on July 17th 2018
“We Need to Talk About Kevin meets Gone Girl meets The Omen....a twisty, delirious read that will constantly question your sympathies for the two characters as their bond continues to crumble.” —Entertainment Weekly
"A pulse-spiking thriller." —PopSugar
“Unnerving and unputdownable, Baby Teeth will get under your skin and keep you trapped in its chilling grip until the shocking conclusion.” —New York Times bestselling author Lisa Scottoline
Sweetness can be deceptive.
She’s the sweet-but-silent angel in the adoring eyes of her Daddy. He’s the only person who understands her, and all Hanna wants is to live happily ever after with him. But Mommy stands in her way, and she’ll try any trick she can think of to get rid of her. Ideally for good.
She loves her daughter, really, but after years of expulsions and strained home schooling, her precarious health and sanity are weakening day by day. As Hanna’s tricks become increasingly sophisticated, and Suzette's husband remains blind to the failing family dynamics, Suzette starts to fear that there’s something seriously wrong, and that maybe home isn’t the best place for their baby girl after all.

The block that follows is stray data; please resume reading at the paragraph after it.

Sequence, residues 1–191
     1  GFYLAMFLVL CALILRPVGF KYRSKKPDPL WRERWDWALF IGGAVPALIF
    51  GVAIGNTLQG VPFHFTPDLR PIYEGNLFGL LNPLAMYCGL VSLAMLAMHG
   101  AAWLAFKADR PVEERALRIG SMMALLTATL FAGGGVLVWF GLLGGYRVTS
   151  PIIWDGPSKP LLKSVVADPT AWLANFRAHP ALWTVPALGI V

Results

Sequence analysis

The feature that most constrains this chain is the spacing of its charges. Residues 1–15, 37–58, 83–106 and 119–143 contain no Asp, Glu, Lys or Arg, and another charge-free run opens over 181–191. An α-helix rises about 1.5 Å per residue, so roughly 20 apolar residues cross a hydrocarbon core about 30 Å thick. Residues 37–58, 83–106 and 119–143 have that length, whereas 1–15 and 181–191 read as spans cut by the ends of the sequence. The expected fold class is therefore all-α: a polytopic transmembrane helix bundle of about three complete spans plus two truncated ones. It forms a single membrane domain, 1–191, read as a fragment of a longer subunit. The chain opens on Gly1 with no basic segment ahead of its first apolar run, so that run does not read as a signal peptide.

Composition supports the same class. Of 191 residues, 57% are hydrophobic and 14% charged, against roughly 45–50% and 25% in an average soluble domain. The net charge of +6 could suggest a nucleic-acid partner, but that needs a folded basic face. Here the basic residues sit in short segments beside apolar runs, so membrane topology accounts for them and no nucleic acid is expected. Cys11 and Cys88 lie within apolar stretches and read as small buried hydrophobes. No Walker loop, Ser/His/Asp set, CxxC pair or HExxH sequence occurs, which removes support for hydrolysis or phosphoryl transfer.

First Chapter First Paragraph Tuesday Intros is a weekly meme hosted by Vicky at I’d Rather Be At The Beach. Each week, participants share a paragraph (or two) from a book they are currently reading or are planning to read soon.
Today I’m going to share the first couple of chapter of Baby Teeth by Zoje Stage. I received my copy in the mail last week and I can’t wait to begin reading it. It sounds dark and thrilling. The earliest reviews have been a bit all over the place. People seem to feel very passionately about this one. I love books that evoke strong opinions as they never fail to inspire lively debate!
“Maybe the machine could see the words she never spoke. Maybe they blazed in her bones. Maybe if the people in the white coats blew up the pictures, they’s see her thoughts, mapped like mountains and railroad tracks, across her ghostly skull. Hanna knew nothing was wrong with her. But Mommy wanted them to look. Again.
The room in the hospital’s dungeon carried the threat of needles and smelled like lemon candies tinged with poison. When she was little, the machine scared her. But now, seven, she pretended she was an astronaut. The rocket ship spun and beeped and she scanned the coordinates, double-checking her course. Through the round window, tiny Earth dropped from view, then she was in the darkness with the glimmering stars, zooming away. No one would ever catch her. She smiled.”
What do you think? Would you continue reading?
Creepy from the get-go. I’m in!